At exactly 33 seconds into Halsey's massive, potentially generation-defining anthem "New Americana," you'll know exactly who you're listening to -- and you'll get a good idea of just who else might be listening, too.
"We are the New Americana/ High on legal marijuana/ Raised on Biggie and Nirvana/ We are the New Americana," the 20-year-old sings over an electronic pulse that runs throughout the entire song. Whether she intended it that way or not, this chorus acts as a mission statement of sorts for her music, or least as an introduction to it.
At the same time, Halsey says it's a light satire of the exact group of people making it into a hit.
"I think, most importantly, the song is self-aware. It's a satire on a generation that is so poignantly aware it's become a parody," she recently told MTV News. "For me, the song mentions my mixed-race upbringing in a very tongue-in-cheek way, 'raised on Biggie and Nirvana'... Overall, it's just a call to arms for the people in this generation (including myself) who used to be a part of counter culture that has become the norm."
Who She Is
So, who is Halsey? From that chorus, it's clear: She's an unelected representative for her generation, the New Americana.
"It's this idea of these kids who are part of a generation where pop culture is so heavily influential that diversity doesn't scare them the way it scared our parents and their parents. We're more accepting of different walks of life," she said. "So I think the New Americana is racially ambiguous, people who are proud of their culture and they own it, possibly not from a binary of gender."
Speaking for a subsection of young people today can be risky, but Halsey does it well. It helps that the music via which she delivers her message is sleek and magnetic, like the roar of the mass transit systems she used to get from her home in New Jersey to the New York neighborhoods where she came of age. Not quite 21 yet, Halsey -- born Ashley Nicolette Frangipane -- flipped around the letters in her first name as a reference to the street in Brooklyn when she first pursued a career in music full time.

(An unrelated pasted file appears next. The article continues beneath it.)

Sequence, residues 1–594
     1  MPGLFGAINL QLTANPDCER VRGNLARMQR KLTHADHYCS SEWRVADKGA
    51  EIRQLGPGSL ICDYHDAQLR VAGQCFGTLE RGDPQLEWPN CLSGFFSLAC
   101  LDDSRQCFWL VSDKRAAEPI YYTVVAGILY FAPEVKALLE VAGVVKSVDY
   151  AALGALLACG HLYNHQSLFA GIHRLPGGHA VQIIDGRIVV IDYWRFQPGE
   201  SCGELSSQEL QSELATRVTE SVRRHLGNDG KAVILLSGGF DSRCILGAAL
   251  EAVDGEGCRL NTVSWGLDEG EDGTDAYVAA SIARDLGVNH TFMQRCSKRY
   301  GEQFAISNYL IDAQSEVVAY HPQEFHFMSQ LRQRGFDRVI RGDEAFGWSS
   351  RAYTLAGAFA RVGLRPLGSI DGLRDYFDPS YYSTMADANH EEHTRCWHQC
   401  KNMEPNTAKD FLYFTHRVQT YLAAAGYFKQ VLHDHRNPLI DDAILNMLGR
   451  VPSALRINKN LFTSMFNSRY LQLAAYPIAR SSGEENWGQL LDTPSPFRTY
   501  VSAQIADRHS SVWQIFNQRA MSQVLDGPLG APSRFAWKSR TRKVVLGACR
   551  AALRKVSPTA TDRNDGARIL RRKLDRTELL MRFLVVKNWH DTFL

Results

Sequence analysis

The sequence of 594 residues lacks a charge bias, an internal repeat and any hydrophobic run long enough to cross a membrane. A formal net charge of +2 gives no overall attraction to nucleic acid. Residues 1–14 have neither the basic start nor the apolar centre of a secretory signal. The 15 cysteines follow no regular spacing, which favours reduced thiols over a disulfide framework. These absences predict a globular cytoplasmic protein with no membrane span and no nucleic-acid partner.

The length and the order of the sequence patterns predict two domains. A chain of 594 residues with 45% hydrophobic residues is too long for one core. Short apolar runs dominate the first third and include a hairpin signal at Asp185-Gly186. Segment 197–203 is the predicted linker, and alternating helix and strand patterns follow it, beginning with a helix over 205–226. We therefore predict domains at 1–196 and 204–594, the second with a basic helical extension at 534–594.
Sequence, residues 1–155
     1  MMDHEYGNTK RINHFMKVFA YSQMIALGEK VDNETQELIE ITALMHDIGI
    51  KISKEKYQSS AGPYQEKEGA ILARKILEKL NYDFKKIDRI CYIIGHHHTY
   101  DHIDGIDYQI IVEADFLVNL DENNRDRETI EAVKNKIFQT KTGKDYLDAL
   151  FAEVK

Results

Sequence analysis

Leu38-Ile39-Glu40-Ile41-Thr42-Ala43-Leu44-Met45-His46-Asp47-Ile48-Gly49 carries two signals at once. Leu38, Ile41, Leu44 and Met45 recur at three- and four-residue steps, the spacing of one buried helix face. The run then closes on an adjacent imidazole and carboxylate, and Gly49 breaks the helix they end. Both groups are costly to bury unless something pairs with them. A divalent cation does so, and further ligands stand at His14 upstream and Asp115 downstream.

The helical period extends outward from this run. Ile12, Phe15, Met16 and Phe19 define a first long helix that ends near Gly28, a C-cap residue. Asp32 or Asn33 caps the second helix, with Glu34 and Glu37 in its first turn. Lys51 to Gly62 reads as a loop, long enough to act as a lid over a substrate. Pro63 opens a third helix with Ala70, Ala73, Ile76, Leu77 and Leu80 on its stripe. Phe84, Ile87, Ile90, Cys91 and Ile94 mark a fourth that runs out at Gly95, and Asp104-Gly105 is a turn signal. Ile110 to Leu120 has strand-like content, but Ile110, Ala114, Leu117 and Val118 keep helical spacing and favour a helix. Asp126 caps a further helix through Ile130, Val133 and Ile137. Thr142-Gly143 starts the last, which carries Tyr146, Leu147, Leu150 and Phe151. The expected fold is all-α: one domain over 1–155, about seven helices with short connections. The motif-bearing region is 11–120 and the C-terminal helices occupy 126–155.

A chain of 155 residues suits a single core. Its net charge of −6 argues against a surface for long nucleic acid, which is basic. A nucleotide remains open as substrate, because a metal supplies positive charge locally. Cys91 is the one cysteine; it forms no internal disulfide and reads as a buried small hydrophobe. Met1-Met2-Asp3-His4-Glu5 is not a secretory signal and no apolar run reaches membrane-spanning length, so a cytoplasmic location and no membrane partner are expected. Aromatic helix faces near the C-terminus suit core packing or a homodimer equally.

For her, "Halsey" isn't just a name; it's an alter ego.
"Halsey is just a vehicle for me. Ashley is how I take my coffee. Halsey has a story to tell," she said. "I think you need to be able to separate the two because the nature of artistry is so egotistical. If I do a full day of interviews, the sun goes down and I just talked about myself for six hours straight. That would drive any person crazy. You detach. You depersonalize. It can be scary."
Why You Should Listen
Like Lorde, there's a certain specificity in Halsey's lyrics that can place you square in the moment, fishing through cigarettes and empty bottles at the bottom of a handbag or being made to endure endless car rides just because you're young.
But Halsey's different. Her personally shines through every song on her debut album, Badlands, which was released at the end of August. She's got enough momentum right now to carry her into bigger things, although she did spend the summer making new fans all over the festival circuit, which means her crowd has grown quite a bit already. And she's enthralled about it.
"I just want to keep bringing my fans quality art, tell my story, talk about what's important to me and encourage people to be themselves, and be proud of it," she said. "If I can continue to do that, I'm doing what I set out to do."
What You Should Listen To
As mentioned before, "New Americana" is a hell of an announcement, so that's a good place to start. And after that, the twitchy, yet explosively hooky "Hold Me Down" represents everything Halsey does well.
And Halsey's just getting started. Keep an eye on her before she's just too high in the night sky to see anymore.